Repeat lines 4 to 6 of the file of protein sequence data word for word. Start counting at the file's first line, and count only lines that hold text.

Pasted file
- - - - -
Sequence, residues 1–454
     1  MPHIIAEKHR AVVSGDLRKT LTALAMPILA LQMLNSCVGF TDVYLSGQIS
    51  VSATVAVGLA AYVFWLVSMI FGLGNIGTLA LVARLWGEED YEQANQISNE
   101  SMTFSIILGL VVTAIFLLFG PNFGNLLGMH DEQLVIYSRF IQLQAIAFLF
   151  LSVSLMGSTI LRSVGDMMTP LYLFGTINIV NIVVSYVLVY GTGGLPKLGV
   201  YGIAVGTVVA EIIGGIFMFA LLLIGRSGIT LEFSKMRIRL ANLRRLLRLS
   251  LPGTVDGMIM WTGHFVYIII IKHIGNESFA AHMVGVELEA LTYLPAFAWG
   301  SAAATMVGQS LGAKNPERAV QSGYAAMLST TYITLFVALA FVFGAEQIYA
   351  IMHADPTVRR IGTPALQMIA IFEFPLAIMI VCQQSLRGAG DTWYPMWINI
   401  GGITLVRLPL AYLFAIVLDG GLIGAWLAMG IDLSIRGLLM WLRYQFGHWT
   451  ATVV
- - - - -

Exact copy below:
   101  SMTFSIILGL VVTAIFLLFG PNFGNLLGMH DEQLVIYSRF IQLQAIAFLF
   151  LSVSLMGSTI LRSVGDMMTP LYLFGTINIV NIVVSYVLVY GTGGLPKLGV
   201  YGIAVGTVVA EIIGGIFMFA LLLIGRSGIT LEFSKMRIRL ANLRRLLRLS